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  1. The Virgin Islands ( Spanish: Islas Vírgenes) are an archipelago in the Caribbean Sea. They are geologically and biogeographically the easternmost part of the Greater Antilles, [1] the northern islands belonging to the Puerto Rico Trench and St. Croix being a displaced part of the same geologic structure. Politically, the British Virgin ...

    • Etymology

      Christopher Columbus named the islands after Saint Ursula...

    • History

      The Virgin Islands were originally inhabited by the Arawak...

    • Traffic control

      Motor vehicles are driven on the left-hand side of the road...

    • Overview
    • Population
    • Early history
    • Pre-Danish colonial period
    • The Danish West Indies period
    • American rule

    The United States Virgin Islands, often abbreviated USVI, is a group of islands and cays in the Caribbean to the east of Puerto Rico. Consisting of three larger islands plus fifty smaller islets and cays, it covers approximately 133 square miles. Like many of its Caribbean neighbors, its history includes native Amerindian cultures, European explora...

    Virgin Islander Americans include people born there, plus immigrants from the British Virgin Islands, and their descendants. It also includes migrants from the U.S. Virgin Islands to the U.S. mainland. American citizenship was conferred in 1927, and U.S. citizens moving between the Virgin Island and the rest of the U.S can do so without the need fo...

    Although not much is known about the Guanahatabey people who inhabited the islands during the Stone Age, archaeological evidence seems to indicate that they were hunter-gatherers. They made tools of stone and flint but left few other artifacts behind.

    Experts at canoe building and seamanship, the Arawaks migrated from the Amazon River Valley and Orinoco regions of Venezuela and Brazil, settling on the islands near coasts and rivers. These peaceful people excelled at fishing and farming. They grew cotton, tobacco, maize, yuca,

    While the Caribs came from the same area as the Arawaks and may have been distantly related, they did not share the Arawaks' friendly nature. Not only were they fierce warriors, they supposedly feasted on their adversaries. Their bloodthirsty reputation spawned the English word c

    Blown off course during his 1493–1496 voyage, Christopher Columbus landed on Saint Croix, then continued his explorations on Saint Thomas and Saint John. He gave the islands their original Spanish names, focusing on religious themes. The collection of tiny islets, cays, and rocks dotting the sea around them reminded Columbus of Saint Ursula and her...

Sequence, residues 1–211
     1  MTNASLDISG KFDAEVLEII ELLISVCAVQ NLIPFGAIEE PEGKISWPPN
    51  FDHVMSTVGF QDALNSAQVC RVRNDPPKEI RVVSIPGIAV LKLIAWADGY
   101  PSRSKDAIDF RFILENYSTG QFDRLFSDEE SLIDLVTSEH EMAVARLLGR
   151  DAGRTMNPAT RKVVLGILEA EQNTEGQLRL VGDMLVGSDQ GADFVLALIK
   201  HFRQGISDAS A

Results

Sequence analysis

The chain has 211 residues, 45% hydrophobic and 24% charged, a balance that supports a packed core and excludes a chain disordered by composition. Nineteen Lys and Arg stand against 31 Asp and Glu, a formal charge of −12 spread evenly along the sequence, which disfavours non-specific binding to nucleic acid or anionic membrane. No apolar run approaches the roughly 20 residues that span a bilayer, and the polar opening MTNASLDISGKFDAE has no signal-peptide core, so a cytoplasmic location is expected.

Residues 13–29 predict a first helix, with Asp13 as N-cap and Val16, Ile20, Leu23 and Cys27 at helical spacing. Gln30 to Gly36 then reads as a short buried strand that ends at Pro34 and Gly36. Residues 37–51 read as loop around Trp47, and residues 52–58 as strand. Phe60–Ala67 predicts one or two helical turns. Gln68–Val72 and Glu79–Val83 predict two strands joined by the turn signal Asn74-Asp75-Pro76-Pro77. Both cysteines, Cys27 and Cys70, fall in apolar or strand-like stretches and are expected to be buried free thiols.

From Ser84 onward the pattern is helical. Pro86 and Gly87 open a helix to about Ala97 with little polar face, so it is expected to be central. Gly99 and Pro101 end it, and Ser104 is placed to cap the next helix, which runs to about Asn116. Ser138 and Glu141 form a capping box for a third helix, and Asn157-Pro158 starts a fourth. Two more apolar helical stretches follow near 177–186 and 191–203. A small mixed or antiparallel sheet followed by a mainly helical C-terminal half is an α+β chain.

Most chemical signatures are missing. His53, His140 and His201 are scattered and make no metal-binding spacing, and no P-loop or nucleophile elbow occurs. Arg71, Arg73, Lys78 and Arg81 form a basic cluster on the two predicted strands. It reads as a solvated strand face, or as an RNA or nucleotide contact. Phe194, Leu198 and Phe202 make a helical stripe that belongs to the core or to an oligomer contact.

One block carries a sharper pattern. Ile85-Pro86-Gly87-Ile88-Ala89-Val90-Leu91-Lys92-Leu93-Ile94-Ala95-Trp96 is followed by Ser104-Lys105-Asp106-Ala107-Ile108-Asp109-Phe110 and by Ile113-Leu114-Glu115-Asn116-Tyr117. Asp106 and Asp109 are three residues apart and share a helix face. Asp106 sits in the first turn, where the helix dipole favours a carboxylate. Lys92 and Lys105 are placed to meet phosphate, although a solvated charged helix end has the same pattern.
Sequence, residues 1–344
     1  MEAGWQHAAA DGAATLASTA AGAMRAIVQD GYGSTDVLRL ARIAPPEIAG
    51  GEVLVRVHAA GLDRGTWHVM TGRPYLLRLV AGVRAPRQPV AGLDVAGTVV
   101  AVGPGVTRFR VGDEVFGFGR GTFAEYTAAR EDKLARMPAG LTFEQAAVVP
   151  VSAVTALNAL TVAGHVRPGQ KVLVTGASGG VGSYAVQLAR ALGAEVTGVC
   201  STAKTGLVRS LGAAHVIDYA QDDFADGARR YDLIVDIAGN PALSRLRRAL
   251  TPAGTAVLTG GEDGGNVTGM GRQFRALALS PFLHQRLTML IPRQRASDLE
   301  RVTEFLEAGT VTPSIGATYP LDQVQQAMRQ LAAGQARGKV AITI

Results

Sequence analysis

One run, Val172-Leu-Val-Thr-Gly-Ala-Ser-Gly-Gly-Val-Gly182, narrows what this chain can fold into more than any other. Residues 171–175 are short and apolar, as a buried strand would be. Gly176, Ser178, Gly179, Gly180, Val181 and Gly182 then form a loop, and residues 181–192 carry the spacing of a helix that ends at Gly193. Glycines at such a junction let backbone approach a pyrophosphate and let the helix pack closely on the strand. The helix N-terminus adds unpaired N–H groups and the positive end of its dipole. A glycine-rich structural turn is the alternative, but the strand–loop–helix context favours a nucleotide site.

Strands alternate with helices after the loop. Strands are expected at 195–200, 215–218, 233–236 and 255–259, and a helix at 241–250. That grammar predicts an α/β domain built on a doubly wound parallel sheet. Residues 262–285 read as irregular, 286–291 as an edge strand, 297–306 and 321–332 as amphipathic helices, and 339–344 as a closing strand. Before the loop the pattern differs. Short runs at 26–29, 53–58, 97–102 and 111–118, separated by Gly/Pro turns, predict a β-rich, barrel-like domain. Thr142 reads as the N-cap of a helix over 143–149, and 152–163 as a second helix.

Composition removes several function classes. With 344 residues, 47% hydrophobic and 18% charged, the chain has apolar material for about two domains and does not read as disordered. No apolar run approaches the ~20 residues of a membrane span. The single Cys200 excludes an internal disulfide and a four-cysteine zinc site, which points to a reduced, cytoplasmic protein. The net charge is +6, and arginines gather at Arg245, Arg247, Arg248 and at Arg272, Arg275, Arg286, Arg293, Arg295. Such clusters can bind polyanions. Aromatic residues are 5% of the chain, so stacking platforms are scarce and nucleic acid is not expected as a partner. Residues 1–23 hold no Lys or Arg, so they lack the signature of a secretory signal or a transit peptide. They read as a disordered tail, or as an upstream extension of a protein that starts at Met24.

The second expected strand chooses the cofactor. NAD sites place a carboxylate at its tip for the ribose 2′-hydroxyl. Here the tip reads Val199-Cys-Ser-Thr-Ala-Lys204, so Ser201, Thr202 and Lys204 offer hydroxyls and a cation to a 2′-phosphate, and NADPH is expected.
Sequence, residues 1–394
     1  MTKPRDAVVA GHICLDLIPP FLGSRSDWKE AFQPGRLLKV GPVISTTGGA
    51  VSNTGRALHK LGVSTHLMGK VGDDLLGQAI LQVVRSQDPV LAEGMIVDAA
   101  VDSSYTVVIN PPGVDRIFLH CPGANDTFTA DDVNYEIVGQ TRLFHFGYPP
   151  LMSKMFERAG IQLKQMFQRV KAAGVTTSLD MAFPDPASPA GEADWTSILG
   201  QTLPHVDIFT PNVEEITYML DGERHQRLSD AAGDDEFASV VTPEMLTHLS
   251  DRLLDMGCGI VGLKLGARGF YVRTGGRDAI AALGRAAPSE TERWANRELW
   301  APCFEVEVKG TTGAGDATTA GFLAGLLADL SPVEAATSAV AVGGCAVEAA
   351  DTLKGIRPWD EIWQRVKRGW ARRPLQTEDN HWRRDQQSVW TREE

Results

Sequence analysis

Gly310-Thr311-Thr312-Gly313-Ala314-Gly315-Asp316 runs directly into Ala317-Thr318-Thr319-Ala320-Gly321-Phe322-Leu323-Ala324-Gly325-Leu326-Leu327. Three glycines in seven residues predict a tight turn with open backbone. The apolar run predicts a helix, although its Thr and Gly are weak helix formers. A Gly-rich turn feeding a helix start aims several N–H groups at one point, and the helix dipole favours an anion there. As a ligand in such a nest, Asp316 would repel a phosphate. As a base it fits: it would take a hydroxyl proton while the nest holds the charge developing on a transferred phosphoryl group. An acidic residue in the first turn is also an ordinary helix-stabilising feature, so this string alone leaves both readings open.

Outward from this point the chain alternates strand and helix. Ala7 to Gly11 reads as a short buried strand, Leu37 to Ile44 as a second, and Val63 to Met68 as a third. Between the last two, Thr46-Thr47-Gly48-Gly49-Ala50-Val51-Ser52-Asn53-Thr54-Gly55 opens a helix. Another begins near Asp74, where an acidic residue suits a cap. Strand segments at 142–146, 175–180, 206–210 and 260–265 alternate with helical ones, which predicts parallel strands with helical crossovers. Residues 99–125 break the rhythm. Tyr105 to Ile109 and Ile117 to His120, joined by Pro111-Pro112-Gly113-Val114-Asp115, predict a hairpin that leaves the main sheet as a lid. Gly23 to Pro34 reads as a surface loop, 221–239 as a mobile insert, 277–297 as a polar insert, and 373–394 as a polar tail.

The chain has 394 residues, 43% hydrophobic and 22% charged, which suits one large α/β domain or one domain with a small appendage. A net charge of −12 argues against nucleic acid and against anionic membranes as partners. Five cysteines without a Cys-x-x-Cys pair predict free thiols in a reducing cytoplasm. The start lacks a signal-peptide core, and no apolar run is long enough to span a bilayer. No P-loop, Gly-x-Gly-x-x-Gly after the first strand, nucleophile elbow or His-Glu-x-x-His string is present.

Diseases, coupled with murder and slavery, took a large toll on both the Arawaks and the Caribs. Several groups of Arawaks committed mass suicide rather than submit to foreign rule. By the late 17th century, the Arawaks had vanished and few Caribs remained. The Virgin Islands were raided by Spanish from Puerto Rico seeking slaves.

    The United States' first secretary in London, Henry White attempted to purchase the islands from Denmark in 1899 to resist European incursions into the Americas. The sale was unsuccessful and White attributed the failure to the influence of Kaiser Wilhelm II of the ascendent German Empire. During World War I, the fear of rising German interest in t...

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  3. Virgin Islands From Simple English Wikipedia, the free encyclopedia For other uses, see Virgin Islands (disambiguation). The Virgin Islands are part of the Leeward Islands, which are the northern part of the Lesser Antilles. They are between the Caribbean Sea and the Atlantic Ocean . The eastern islands are the British Virgin Islands.

    • Etymology
    • History
    • Geography
    • Climate
    • Politics
    • Economy
    • Transport
    • Demographics
    • Education
    • Culture

    The islands were named "Santa Úrsula y las Once Mil Vírgenes" by Christopher Columbus in 1493 after the legend of Saint Ursula and the 11,000 virgins.The name was later shortened to "the Virgin Islands". The official name of the territory is still simply the "Virgin Islands", but the prefix "British" is often used. This is commonly believed to dist...

    It is generally thought that the Virgin Islands were first settled by the Arawak from South America around 100 BC to AD 200, though there is some evidence of Amerindian presence on the islands as far back as 1500 BC. The Arawaks inhabited the islands until the 15th century when they were displaced by the more aggressive Caribs, a tribe from the Les...